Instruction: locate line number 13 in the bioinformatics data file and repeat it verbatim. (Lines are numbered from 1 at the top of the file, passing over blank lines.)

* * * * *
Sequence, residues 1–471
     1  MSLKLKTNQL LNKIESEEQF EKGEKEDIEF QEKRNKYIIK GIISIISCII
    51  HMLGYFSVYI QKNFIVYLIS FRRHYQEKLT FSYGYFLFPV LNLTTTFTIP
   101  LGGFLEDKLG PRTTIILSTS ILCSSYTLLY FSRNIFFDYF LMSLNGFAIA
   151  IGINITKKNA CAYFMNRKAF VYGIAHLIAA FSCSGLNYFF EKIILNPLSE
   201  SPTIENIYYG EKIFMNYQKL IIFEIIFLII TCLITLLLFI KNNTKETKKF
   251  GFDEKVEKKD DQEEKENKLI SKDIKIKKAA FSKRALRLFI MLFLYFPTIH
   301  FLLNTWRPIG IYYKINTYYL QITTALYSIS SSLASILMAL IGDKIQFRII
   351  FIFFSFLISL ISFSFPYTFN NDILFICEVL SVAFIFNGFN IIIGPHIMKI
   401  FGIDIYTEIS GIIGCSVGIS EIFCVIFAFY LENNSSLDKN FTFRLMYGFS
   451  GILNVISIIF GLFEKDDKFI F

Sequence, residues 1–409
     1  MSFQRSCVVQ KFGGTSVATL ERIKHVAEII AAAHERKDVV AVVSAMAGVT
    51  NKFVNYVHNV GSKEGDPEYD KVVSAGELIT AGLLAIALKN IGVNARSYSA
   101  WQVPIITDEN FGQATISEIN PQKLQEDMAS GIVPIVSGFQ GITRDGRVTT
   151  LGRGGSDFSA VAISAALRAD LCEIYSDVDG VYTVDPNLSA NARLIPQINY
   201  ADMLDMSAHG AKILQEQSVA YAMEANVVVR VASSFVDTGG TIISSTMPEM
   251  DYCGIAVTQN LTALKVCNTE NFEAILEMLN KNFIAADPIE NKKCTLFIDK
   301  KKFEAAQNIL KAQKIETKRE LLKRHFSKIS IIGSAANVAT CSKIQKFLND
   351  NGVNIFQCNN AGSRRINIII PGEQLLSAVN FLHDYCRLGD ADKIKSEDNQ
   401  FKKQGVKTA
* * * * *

     1  MSFQRSCVVQ KFGGTSVATL ERIKHVAEII AAAHERKDVV AVVSAMAGVT